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1304.01000 – In General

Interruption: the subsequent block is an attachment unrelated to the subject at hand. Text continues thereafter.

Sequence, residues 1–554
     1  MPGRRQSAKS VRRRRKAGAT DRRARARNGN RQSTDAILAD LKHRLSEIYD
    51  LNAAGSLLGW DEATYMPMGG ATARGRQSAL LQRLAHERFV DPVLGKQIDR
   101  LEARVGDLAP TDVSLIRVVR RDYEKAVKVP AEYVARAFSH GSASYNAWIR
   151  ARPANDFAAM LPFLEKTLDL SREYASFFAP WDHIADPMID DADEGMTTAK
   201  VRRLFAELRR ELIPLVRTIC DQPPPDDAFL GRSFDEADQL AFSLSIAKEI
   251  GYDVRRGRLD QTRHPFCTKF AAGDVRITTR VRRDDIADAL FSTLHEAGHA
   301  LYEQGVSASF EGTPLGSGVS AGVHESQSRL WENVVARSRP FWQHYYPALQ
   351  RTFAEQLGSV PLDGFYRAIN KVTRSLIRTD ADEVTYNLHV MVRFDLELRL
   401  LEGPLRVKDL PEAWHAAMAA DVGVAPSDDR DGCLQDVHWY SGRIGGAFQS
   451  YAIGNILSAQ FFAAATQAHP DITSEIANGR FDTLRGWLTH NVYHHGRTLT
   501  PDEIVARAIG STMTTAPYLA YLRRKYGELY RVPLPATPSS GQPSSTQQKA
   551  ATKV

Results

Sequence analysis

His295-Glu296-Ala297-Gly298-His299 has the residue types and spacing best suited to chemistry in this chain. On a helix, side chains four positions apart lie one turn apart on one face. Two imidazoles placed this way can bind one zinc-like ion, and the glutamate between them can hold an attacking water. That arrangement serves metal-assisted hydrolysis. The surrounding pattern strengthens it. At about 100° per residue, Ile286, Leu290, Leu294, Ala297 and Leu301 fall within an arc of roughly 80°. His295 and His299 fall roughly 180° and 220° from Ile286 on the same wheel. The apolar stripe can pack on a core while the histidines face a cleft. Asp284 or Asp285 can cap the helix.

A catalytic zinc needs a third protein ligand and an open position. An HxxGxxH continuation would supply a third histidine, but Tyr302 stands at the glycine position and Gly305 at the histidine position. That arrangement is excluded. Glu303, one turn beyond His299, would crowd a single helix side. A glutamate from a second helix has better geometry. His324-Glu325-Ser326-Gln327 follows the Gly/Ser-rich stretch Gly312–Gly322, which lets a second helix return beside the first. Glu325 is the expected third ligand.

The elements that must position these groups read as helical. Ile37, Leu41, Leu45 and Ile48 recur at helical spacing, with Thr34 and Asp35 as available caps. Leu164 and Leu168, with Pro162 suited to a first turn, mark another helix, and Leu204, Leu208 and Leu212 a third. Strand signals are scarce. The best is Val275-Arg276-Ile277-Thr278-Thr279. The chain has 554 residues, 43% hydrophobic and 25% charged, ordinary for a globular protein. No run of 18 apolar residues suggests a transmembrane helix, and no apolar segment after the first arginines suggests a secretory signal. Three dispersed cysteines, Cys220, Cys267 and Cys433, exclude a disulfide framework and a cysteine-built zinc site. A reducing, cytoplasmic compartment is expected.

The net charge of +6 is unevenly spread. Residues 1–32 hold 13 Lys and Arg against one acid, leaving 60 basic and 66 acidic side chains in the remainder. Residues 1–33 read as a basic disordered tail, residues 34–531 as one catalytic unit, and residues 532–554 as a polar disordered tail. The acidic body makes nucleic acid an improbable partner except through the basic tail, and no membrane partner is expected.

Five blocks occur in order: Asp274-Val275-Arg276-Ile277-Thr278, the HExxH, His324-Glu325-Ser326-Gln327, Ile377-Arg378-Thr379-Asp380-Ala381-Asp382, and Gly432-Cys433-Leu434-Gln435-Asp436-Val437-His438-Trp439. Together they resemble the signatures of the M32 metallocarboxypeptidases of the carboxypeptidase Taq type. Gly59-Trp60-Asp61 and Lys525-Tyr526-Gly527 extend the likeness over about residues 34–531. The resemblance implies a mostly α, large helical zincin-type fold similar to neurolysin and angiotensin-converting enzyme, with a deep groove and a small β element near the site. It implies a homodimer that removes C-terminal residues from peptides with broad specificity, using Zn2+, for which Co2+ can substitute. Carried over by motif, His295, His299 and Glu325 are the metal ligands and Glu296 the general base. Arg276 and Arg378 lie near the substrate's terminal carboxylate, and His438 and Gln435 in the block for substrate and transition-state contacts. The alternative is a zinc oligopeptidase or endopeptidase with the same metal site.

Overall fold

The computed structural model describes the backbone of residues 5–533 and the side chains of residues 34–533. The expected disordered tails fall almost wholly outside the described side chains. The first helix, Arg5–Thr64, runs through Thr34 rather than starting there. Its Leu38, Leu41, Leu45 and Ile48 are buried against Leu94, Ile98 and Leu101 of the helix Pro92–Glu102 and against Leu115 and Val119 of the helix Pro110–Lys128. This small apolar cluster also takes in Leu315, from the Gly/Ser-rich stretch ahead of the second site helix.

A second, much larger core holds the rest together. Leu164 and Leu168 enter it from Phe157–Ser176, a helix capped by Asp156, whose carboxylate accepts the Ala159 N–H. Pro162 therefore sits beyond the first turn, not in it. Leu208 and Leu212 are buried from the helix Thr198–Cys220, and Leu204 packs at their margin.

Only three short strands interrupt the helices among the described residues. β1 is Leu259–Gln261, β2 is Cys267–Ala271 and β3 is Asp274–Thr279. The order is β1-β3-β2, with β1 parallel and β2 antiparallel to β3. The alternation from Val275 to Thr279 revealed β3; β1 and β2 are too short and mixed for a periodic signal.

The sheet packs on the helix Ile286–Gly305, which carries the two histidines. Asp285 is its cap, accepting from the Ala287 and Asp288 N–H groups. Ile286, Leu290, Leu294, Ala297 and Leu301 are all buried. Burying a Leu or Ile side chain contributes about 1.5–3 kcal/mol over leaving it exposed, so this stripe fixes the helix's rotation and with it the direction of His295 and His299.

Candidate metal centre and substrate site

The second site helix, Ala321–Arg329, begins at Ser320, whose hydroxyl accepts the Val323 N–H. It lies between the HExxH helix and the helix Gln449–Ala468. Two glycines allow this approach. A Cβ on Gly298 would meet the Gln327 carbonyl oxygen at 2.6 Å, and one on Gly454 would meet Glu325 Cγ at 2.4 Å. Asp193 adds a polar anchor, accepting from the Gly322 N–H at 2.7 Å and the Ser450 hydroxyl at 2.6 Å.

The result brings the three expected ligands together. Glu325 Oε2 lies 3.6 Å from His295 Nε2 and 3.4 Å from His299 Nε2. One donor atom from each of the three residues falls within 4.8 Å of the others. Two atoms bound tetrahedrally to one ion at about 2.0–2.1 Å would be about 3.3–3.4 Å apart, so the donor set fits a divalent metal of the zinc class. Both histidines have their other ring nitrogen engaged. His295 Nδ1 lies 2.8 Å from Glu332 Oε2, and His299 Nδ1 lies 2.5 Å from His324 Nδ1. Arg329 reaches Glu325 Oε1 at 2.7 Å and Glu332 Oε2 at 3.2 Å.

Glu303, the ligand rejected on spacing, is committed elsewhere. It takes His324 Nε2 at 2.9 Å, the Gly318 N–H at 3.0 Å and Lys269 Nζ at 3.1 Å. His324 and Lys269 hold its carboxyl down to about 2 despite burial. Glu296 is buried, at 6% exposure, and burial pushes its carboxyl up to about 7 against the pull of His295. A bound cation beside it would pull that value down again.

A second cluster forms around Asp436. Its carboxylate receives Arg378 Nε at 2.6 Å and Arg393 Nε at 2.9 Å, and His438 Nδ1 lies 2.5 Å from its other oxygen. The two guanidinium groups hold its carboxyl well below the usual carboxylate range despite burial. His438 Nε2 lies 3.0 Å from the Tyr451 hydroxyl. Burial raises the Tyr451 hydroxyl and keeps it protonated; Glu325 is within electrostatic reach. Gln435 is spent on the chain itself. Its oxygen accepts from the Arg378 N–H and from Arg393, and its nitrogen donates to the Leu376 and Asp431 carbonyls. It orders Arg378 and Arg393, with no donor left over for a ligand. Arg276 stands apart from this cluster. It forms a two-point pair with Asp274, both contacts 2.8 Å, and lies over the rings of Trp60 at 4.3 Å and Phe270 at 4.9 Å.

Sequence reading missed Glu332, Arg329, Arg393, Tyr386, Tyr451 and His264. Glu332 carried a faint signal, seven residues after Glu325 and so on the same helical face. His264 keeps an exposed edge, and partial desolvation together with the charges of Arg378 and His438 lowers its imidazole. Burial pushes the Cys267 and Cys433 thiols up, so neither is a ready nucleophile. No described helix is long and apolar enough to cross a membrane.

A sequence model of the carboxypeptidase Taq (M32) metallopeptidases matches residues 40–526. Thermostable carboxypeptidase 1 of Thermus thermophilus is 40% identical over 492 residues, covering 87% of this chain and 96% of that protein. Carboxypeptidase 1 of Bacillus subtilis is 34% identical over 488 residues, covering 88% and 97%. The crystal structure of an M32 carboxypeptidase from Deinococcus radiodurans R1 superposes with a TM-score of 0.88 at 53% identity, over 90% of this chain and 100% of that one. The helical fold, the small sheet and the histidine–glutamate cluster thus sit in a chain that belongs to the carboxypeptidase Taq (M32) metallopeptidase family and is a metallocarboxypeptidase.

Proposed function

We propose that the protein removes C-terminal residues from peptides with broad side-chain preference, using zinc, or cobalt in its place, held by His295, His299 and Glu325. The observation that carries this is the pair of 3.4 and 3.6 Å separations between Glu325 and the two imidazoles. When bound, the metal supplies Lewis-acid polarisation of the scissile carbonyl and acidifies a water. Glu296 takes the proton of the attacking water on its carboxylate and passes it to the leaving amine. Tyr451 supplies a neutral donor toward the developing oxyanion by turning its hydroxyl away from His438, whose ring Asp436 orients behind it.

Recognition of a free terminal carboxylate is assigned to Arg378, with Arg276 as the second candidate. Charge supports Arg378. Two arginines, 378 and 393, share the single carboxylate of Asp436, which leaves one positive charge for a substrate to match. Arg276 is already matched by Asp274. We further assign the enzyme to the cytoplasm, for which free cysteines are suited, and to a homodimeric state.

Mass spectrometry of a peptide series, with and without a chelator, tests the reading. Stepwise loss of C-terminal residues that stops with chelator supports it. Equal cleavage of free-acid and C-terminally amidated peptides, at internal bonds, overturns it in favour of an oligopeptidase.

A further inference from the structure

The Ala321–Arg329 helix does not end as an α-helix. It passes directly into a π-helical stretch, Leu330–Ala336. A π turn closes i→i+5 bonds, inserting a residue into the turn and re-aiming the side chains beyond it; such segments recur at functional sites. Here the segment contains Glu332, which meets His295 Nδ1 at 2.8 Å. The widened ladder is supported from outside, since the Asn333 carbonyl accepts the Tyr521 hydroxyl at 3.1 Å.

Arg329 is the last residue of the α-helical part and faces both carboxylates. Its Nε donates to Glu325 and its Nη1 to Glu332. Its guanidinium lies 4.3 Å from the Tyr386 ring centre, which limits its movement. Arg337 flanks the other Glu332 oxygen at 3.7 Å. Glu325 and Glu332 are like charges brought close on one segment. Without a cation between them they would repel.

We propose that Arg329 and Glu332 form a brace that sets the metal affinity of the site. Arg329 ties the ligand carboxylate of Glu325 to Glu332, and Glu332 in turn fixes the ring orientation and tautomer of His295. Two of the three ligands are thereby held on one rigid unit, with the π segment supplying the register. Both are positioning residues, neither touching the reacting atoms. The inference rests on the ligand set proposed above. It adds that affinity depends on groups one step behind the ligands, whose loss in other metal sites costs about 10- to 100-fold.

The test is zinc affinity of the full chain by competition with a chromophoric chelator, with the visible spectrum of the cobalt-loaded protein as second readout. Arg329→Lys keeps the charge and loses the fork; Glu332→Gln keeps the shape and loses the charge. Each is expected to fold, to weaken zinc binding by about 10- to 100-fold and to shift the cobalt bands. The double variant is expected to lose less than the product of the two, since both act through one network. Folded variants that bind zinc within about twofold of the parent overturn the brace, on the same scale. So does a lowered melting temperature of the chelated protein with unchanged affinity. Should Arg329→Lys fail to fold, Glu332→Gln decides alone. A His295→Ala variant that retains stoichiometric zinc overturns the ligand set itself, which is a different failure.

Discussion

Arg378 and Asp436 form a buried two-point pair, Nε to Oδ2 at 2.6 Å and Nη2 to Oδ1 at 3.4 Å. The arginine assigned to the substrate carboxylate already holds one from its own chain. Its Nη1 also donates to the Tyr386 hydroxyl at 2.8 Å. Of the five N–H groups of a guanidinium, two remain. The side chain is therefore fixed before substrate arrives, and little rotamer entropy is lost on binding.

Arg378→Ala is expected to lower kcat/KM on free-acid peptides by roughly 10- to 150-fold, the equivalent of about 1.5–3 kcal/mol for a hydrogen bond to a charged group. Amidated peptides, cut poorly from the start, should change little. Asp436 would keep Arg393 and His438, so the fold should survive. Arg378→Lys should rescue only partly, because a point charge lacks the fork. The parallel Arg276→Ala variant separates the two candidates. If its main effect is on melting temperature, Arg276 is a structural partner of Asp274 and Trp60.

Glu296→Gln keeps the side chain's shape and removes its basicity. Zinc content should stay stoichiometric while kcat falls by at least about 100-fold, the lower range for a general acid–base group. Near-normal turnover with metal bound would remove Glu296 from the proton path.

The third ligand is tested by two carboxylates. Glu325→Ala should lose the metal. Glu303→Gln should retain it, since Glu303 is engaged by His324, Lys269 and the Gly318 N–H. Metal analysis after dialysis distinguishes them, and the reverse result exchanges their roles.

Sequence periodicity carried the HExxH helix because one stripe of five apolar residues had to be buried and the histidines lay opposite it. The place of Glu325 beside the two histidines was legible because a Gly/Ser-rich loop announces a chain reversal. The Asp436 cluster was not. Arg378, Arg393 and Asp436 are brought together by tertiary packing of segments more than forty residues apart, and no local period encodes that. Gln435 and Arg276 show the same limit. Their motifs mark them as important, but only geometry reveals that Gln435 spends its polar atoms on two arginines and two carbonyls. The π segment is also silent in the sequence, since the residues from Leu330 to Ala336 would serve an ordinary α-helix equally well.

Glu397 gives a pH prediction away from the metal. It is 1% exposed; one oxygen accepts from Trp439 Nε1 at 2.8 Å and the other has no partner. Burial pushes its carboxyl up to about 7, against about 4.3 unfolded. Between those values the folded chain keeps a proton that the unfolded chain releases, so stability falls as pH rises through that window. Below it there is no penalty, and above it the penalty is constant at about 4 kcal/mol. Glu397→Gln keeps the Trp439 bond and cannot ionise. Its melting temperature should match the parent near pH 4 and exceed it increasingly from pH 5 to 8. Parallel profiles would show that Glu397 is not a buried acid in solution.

A party objecting to an election result must first present a prima facie showing of conduct that constitutes one of the two grounds. This includes a factual showing that employee choice was affected or that the conduct complained of had the natural and probable effect of impacting employee choice. (Santa Monica Unified School District and Community College District (1978) PERB Decision No. 52; San Ramon Valley Unified School District (1979) PERB Decision No. 111; Jefferson Elementary School District (1981) PERB Decision No. 164; Pasadena Unified School District (1985) PERB Decision No. 530.) After this threshold showing is met, PERB will decide whether to set aside the election result depending "upon the totality of circumstances raised in each case and, when appropriate, the cumulative effect of the conduct which forms the basis for the relief requested." (Clovis Unified School District (1984) PERB Decision No. 389; State of California (Department of Personnel Administration) (1986) PERB Decision No. 601-S.) Thus, even where some impact on voters can be inferred, the election result will not always be set aside.) PERB regulations require the Board agent to dismiss election objections which do not satisfy the requirements of subsections (a) through (d) of PERB Regulation 32738. Even if not subject to dismissal under PERB Regulation 32738, objections are to be dismissed by the Board agent if, after investigation, the objections do not warrant setting aside the election. (PERB Reg. 32739(f).) Alternatively, the Board agent may set aside the election if the results of the investigation warrant such action. (PERB Reg. 32739(g).) The commission of an act by a Board agent conducting an election which tends to destroy confidence in the Board's election process, or which could reasonably be interpreted as impugning the election standards we seek to maintain, is a sufficient basis for setting aside the election. (Athbro Precision Engineering Corp., 166 NLRB No. 116, 65 LRRM 1699.) Election objections regarding the integrity of the election process require assessment of whether a reasonable possibility of irregularity exists. Since this is paramount, "the Board goes to great lengths to ensure that the manner in which elections are conducted raises no reasonable doubt as to their fairness or validity." However, "an election need not be perfect to be valid. Mistakes are made in any human endeavor. The question is whether the mistakes were sufficient to affect the outcome" of the election. (State of California (1986) PERB Decision No. 601). Grounds to set aside election found where there was a significant question as to the number of ballots received by PERB and the potential of missing ballots are sufficient in number to affect the outcome. A lack of confidence in the election appears justified given this discrepancy and the totality of events including the initial misplacement of 71 ballots, their subsequent count and addition to the earlier tally, and the recount where a new tally of ballots was issued to correct mistakes contained in the earlier tallies. PERB has refused to be constrained to follow NLRB per se rules in the area of election objections and has rejected rigid application of a "laboratory conditions" test. (See e.g., Sierra Sands Unified School District (1993) PERB Decision No. 977; Tamalpais Union High School District (1976) EERB Decision No. 1.) PERB looks to the totality of circumstances and the cumulative effect of the conduct alleged.